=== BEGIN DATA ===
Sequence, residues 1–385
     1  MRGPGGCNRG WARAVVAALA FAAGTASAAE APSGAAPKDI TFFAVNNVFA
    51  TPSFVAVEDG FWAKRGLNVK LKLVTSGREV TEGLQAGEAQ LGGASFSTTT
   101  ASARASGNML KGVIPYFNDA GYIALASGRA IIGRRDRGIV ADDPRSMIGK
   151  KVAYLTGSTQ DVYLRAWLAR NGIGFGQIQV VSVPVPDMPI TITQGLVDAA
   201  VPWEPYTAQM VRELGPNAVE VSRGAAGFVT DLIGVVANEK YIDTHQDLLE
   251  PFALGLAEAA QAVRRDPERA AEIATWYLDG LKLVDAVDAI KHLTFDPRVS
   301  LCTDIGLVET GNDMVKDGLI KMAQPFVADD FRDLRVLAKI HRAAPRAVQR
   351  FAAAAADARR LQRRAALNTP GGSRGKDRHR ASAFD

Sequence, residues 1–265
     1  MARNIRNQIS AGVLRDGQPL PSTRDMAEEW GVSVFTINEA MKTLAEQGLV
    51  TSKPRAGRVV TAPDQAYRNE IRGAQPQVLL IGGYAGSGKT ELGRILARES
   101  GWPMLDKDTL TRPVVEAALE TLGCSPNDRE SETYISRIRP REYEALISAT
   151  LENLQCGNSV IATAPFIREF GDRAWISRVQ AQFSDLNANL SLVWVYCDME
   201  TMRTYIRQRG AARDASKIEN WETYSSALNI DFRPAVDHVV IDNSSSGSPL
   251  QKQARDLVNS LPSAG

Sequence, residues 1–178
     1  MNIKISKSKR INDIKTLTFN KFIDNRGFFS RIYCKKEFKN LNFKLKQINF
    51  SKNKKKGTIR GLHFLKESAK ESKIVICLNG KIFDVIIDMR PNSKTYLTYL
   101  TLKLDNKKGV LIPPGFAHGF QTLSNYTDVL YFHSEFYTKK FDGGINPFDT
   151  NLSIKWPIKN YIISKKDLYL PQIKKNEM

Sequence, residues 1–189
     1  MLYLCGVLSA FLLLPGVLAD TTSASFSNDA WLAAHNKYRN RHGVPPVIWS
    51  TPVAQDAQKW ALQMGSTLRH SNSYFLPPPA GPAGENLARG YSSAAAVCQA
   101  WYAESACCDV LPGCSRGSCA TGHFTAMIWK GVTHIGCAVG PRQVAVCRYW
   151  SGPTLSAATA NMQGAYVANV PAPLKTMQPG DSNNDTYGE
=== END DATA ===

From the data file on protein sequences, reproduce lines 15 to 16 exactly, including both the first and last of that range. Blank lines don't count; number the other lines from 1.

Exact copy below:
   201  TMRTYIRQRG AARDASKIEN WETYSSALNI DFRPAVDHVV IDNSSSGSPL
   251  QKQARDLVNS LPSAG